4. Complications of antibiotic therapy and drug interactions

Antibiotic drugs have the potential to alter the effectiveness of other drugs and interfere with the metabolism of other drugs. The cytochrome p450 system is a complex set of drug-metabolizing enzymes in the liver and gastrointestinal (GI) system that breaks down many different drugs. When antibiotics that utilize this metabolic pathway inhibit cytochromes that are needed for metabolism of other drugs altering the bioavailability of one of the involved drugs, some of these interactions can lead to some severe adverse effects.

Providers should be mindful of some of the potential adverse reactions associated with antibiotic therapy and other medications. Erythromycin and other macrolides have been found to have drug interactions with numerous drugs including statins, theophylline, warfarin, carbamazepine, triazolam/midazolam, and antiarrhythmic. Side effects of these interactions range from bleeding issues, increased sedation, confusion, and seizures to cardiac dysrhythmias and death. Metronidazole has the potential for increased bleeding with the coadministration of warfarin due a decrease in the metabolism anticoagulants. Clindamycin may destroy gut flora and prevent absorption of vitamin K, which can cause an increase in anticoagulation. Metronidazole can also affect renal clearance of lithium and also has a disulfiram effect in combination with alcohol. Fluoroquinolones have been found to interfere with theophylline metabolism and cause seizures. These drugs have also been found to cause spontaneous tendon rupture. Fluoroquinolones should be avoided in children due to chondrotoxicity in growing cartilage.

Antibiotic allergy should be obtained while obtaining a patient’s medical history. It is important to inquire about the nature of an allergy to access whether a true anaphylactoid allergy exists. Penicillin is a common antibiotic for which patients report an allergy. One to 10% of patients develop an allergic response to penicillin during an initial course and a less than 1% chance of development of an allergic reaction exists with additional courses [8, 21]. There is a possibility for cross-allergy to cephalosporins. This occurs in 10–15% of patients with an allergy to penicillin and often involves patients with a history of anaphylaxis.

Antibiotic-associated colitis (AAC) is another possible adverse effect of antimicrobial therapy. Clostridium difficile is an enteric anaerobe that produces an exotoxin found in a stool assay of affected patients. Diagnosis of C. difficile occurs after symptoms of fever, abdominal cramping, five or more episodes of diarrhea per day, or positive results in a stool sample. AAC has been found to occur with clindamycin, beta-lactam/beta-lactamase inhibitor combinations, cephalosporins, and other antibiotic therapy, and is treated with the removal of the offending antibiotic and oral metronidazole or vancomycin. If no resolution occurs, these patients should be referred as soon as possible to rule out the potential need for surgical intervention.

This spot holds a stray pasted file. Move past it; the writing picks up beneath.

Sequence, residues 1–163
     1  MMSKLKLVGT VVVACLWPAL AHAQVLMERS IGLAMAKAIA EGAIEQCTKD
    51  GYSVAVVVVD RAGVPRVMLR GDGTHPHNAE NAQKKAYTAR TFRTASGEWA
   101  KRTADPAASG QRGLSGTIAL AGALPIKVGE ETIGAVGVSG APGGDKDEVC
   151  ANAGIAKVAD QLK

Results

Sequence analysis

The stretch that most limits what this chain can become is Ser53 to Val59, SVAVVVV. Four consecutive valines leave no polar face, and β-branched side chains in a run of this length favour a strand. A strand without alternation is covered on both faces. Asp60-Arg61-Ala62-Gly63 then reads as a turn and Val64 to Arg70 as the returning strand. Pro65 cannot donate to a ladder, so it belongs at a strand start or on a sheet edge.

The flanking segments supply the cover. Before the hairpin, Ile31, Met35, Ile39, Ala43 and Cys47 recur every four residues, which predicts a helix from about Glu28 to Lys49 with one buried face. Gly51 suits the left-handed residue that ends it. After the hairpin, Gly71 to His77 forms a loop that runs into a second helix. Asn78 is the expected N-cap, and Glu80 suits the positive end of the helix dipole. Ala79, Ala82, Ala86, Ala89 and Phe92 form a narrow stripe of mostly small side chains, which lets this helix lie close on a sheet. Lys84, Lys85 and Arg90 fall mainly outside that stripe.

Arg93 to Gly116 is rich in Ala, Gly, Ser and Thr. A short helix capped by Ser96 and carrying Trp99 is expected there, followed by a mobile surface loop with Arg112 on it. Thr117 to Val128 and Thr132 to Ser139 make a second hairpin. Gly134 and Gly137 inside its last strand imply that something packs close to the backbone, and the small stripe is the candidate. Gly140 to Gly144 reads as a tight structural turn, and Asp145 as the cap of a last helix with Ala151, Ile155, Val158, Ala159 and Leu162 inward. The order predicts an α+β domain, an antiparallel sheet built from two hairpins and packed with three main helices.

A patient who is on oral contraceptive pills should be informed of the necessity to utilize other forms of birth control. Antibiotic therapy my kill enough gut flora that inhibits recirculation of estrogen which reduces the serum levels of estrogen and may allow for the patient to become pregnant. This has been found to only involve oral contraceptives, not implantable or injectable forms [8].


5. Management of medication-related osteonecrosis of the jaw

The American Association of Oral and Maxillofacial Surgeons (AAOMS) in 2014 as described in their position paper changed the nomenclature from bisphosphonate-related osteonecrosis of the jaw (BRONJ) to medication-related osteonecrosis of the jaw (MRONJ). The change in designation signals the increasing number of osteonecrosis cases secondary to the use of alternative antiresorptive and antiangiogenic therapies [23]. The oral and maxillofacial surgeon often encounters patients treated with antiresorptive medications via either oral or parenteral route. Most of those patients who require treatment with antiresorptive medications are afflicted with metastatic bone tumors with primary sites from the breast, prostate, and lung. Lytic bone lesions are more often associated with multiple myeloma. Included in the antiresorptive medication regimen are receptor activator of nuclear factor (RANK) ligand inhibitors and in particular, Denosumab. The RANK ligand inhibitors work by the inhibition of osteoclast formation thus reducing the risk of fracture of vertebral, non-vertebral, and hip in the osteoporotic patient [23]. Controversy persists as to the mechanism and pathophysiology of MRONJ. Theories include altered bone remodeling or oversuppression of bone resorption, angiogenesis inhibition, constant microtrauma, suppression of innate or acquired immunity, vitamin D deficiency, soft-tissue BP toxicity, and inflammation or infection [23]. In the context of managing MRONJ, as a bacterial infection one must be cognizant of postsurgical risks following extraction of teeth especially those with existing periodontal disease and or periapical pathology [23]. Dentoalveolar surgery is still considered a major risk in developing MRONJ. Approximately 52–61% of those patients following dentoalveolar surgery are at risk to develop MRONJ [23]. Actinomyces species was one of the first bacteria identified in osteonecrosis of the jaw. Biopsied specimens of bone have recently identified a combination of bacteria and fungi associated with the biofilm on exposed bone [23]. As a result, a regimen of complex therapies is often required to treat the osteonecrosis-related biofilm of bone.

5.1. Staging of MRONJ

Stage 1:

Exposed and necrotic bone asymptomatic with no evidence of infection localized to the alveolus.

Stage 2:

Exposed and necrotic bone with evidence of infection and symptoms.